Hello, Goodbye is essentially a slapstick comedy, however, like most humour in Japan it also uses multi-level wordplay to both confuse and amuse. This overview has been put together from the viewing experiences of a number of fans with varying levels of Japanese skills, and is certainly not intended to be exhaustive - just to give an overview of what happens in the play and what all the excitement has been about. So yes, plenty of spoilers ahead.
After the synopsis, are a set of unofficial photos that were available.
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The play takes place in the foyer area of a reception hall where the funeral ceremony preparations for novelist Kumagai Sougen are taking place. They are overseen by his son, Kumagai Ango (Koyama) who is greeting guests, though he does not appear to be particularly sad himself, and his mother, who while performing her duty as chief mourner, does not accept the death of her husband. In fact, her goal as the play opens is to take the body home and bury him in the backyard, rather than go through with the next day's cremation.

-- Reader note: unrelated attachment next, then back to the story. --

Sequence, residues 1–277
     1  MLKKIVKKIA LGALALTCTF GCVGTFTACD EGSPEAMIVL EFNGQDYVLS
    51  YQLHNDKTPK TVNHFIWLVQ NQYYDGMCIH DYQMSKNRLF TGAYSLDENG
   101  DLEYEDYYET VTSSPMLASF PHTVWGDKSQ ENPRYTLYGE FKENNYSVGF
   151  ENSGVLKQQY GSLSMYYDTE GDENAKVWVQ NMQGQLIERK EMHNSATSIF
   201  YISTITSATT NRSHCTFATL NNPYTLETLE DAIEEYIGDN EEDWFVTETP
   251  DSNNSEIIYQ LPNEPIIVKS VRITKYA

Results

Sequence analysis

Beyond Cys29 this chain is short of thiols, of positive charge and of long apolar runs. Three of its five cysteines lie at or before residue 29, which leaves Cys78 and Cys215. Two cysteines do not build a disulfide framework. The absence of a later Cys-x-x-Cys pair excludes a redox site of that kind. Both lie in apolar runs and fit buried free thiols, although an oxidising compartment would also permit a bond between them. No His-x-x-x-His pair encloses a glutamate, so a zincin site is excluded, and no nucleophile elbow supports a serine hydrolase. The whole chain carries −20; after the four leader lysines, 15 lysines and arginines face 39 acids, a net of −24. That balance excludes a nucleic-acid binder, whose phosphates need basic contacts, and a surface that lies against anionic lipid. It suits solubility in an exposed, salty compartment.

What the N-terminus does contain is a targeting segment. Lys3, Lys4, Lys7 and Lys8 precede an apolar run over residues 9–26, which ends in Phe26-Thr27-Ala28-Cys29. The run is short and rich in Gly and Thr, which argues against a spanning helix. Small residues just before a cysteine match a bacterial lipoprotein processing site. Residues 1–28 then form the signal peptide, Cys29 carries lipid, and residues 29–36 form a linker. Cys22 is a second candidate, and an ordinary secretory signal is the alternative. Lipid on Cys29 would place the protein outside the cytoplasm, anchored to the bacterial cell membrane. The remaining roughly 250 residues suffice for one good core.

Meanwhile, hiding in the bathroom is Kazuo, Ango's friend since middle school, and ex-husband of Ango's now girlfriend Mizuki, also a schoolfriend. Kazuo, however, has not really come for the funeral, his goal is to reconcile with his lost love. But until the opportunity presents itself he is trying to stay hidden.
Complicating things further is the appearance of a mysterious woman and her daughter. At first she seems to just be the major inspiration for one of the dead author's novels but it is fairly quickly revealed that she was also his mistress and that her daughter is Ango's surprise half-sister.
Many concepts in this play work on a number of different levels and the motif of the meat, used on the publicity material, is one of them. Meat was the favourite food of the dead novelist, and as the play opens, his wife is still taking him plates of it - partly because she is not dealing well with his death.